In the last year, Australian coalbed methane (CBM) gas company Tlou Energy (ASX: TOU; AIM: TLOU) achieved its first gas flow, increased its contingent resources and listed on London Stock Exchange’s AIM market. All of which sets the pioneering junior in good stead for becoming Botswana’s first natural gas producer in 2016.
I catch up with Tlou’s Chief Financial Officer Colm Cloonan, Executive Director Gabaake Gabaake and downstream power financial advisor George Rogers shortly after the ceremony marking the company’s AIM listing. George describes the decision to list in London as the logical “next step” for the Botswana-focused company.
“While our Australian shareholders have been supportive over the years, the interest and appetite for African projects is traditionally greater in London,” he says.
“We wanted to reach a new group of shareholders who otherwise may have been less inclined to invest in an Australian company. It opens up a much larger market than we had access to in Australia, and gives us a platform from which to push into larger developments in the years ahead.”
One of the lead speeches at the ceremony was given by Gabaake, an accomplished former Botswana Government Senior Public Servant who headed the country’s Ministry of Minerals, Energy and Water Resources for two and a half years. He joined Tlou this year, following 24 years of working within government.
“I’ve always been passionate about monetising Botswana’s large coal resource, so my aims complement Tlou’s,” he says.
“I was brought in to strengthen the company’s focus and presence in Botswana, and because I’m dealing with processes that I used to manage, it makes them easier to navigate.”
The Lesedi CBM project got off to a good start in January 2015, achieving gas flows during short term testing at the Selemo 1 pilot well of approximately 400,000 cubic feet per day (cfd) peak and 200,000 cfd average. Tlou became the first company in Botswana to flow CBM gas at such rates. The results from the short-term test indicated that commercial development may be possible.
In June Tlou began drilling two flanking lateral pods, Selemo 2 and Selemo 4, either side of Selemo 1 to assist with dewatering and enhance gas deliverability. CFO Colm explains:
“Selemo 2 and 4 are actually horizontal pods incorporating one vertical and one horizontal well, and sit about 125 metres to the north and south of Selemo 1. These shielding wells were completed in September, dewatering operations began later that month, and they’ve reached critical desorption point.”
Tlou recommenced gas flows in January 2016 and plans to carry out longer-term flow tests at the Selemo project. These tests will build on the current data and help to show how much gas can be flowed from the Selemo wells over a sustained period of time, giving Tlou an indication of the gas available from this field. This will enable the project’s current contingent resources – bumped up from 2.3 trillion cubic feet (tcf) in 2011 to 3.2 tcf in 2015 – to be upgraded to bankable reserves.
“Once we’ve booked the reserves, it’ll then be a case of talking to interested parties, a process that we’ve begun already, and working towards securing investment for an initial 10-megawatt pilot project,” says Colm.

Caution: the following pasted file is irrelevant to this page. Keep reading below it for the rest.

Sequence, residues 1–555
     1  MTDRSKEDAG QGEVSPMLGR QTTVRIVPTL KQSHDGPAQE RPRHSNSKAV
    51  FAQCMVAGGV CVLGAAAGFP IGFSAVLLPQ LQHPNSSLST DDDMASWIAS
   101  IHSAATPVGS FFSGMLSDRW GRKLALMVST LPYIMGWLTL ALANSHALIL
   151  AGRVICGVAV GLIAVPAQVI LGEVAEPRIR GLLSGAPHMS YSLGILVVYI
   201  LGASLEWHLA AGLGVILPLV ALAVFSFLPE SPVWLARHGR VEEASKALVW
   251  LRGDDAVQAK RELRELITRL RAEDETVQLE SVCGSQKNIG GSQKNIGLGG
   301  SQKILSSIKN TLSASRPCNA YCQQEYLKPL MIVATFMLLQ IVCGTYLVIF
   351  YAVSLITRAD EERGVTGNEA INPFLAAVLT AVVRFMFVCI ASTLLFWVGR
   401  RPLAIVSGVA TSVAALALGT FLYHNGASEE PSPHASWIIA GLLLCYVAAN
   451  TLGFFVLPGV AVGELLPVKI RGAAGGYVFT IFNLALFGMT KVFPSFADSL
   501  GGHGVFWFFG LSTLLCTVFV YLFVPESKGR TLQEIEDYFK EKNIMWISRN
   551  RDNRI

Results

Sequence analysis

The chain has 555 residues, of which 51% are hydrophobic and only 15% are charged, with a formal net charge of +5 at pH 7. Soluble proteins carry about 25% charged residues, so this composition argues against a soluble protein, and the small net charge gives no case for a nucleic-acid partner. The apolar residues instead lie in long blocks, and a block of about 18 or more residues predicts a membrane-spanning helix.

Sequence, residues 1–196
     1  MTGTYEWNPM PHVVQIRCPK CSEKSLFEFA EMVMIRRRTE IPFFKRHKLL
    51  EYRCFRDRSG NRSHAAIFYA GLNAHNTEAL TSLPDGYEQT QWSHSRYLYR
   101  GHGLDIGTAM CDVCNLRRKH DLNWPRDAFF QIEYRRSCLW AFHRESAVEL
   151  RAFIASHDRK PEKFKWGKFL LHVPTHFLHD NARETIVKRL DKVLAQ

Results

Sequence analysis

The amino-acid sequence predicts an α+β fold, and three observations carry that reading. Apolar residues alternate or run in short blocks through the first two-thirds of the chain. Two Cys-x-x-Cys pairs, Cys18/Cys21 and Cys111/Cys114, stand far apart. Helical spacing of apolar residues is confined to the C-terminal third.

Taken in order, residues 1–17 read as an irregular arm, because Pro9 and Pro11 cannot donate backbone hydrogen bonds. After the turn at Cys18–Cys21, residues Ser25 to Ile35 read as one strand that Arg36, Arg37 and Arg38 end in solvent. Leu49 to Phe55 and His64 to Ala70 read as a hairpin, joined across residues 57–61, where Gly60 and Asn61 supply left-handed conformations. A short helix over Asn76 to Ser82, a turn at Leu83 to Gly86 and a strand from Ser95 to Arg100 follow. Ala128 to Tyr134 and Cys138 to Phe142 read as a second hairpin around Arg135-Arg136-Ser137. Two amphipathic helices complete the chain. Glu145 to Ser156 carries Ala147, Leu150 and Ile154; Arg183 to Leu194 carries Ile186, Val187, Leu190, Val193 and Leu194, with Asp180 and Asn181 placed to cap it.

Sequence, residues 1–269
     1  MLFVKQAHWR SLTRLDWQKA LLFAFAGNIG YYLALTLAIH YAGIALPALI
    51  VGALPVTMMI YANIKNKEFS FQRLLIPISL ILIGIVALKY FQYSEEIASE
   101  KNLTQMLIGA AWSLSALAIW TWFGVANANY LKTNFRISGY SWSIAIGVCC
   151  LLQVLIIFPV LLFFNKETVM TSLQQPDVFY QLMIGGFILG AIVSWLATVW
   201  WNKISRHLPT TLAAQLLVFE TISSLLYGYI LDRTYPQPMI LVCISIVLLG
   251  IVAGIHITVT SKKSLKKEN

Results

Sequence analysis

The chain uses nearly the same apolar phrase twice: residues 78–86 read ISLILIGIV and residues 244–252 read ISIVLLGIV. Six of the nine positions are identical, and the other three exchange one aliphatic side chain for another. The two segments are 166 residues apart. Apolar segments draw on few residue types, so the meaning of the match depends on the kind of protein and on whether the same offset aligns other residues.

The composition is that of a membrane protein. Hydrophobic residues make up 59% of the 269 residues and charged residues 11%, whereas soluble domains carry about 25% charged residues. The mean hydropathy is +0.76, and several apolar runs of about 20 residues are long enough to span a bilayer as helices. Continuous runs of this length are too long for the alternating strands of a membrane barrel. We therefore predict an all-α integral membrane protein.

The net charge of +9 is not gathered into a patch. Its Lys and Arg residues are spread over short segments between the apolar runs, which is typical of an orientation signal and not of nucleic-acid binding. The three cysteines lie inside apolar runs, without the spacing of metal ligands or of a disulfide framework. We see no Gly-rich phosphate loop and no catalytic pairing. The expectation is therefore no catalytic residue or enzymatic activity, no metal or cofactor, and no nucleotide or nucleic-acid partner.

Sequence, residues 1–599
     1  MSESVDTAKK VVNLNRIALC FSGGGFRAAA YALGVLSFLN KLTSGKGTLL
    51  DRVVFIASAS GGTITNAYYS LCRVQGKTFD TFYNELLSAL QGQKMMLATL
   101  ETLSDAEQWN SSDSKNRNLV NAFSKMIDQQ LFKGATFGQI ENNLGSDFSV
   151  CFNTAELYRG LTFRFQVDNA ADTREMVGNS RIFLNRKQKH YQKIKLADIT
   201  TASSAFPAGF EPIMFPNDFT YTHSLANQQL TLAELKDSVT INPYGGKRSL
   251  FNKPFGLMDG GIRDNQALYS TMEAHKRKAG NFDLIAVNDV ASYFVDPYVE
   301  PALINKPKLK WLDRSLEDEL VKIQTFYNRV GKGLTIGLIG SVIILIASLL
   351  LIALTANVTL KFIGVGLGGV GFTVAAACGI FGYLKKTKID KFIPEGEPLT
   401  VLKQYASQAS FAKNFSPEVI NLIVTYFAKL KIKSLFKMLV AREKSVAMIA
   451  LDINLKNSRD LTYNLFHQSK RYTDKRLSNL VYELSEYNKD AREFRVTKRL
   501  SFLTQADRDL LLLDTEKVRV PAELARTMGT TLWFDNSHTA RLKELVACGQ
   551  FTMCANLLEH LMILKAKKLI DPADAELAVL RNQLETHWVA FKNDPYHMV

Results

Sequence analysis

“This project will involve drilling out extra wells, obtaining our environmental impact assessment, agreeing on a power purchase agreement with a preferred off-taker and installing the relevant infrastructure to bring the gas and power to market.”
Beyond this pilot project, Tlou is looking at providing gas to the 90-megawatt Orapa Power Station, set to convert from diesel to gas-fired generation. Gabaake says that Tlou has pre-qualified as one of the tender partners and is optimistic about its chances of being selected as the preferred party.
He adds: “The government sent representatives to the site and they saw the progress we have made and the gas being flared at the Lesedi project, so are very encouraged regarding our capabilities. We’re currently discussing possibilities with them.”
The benefit of starting out with a small, 10-megawatt pilot project is that it will hopefully make production and commercialisation possible in the near term. But the company’s eventual aim is to produce enough gas from Lesedi to facilitate 300 megawatts of power generation.
“The processes for such a large operation are much more substantial, and it may take time for us to get there,” says Colm.
“But we believe this field has more than enough gas for 300 megawatts of power production, and that’s something we expect to be working on from 2017 onwards. In addition, the partners we’re talking to now are all very interested in being part of that larger-scale financing as it progresses.”
The ultimate vision is that Tlou’s 300-megawatt project will help to meet Botswana’s power demand, which currently exceeds domestic generation by a long way. This goal holds particular prominence for Gabaake, a Botswana native with a strong connection to the country’s resources management.
“The more power we can feed into the country the better, and once domestic need has been met the government is very keen to see us exporting power into the southern African region,” he says.
“Ultimately, it surmounts to the development of a new industry in Botswana, and that comes with employment and economic development. This could be a valuable development for us, the government, and the country as a whole.”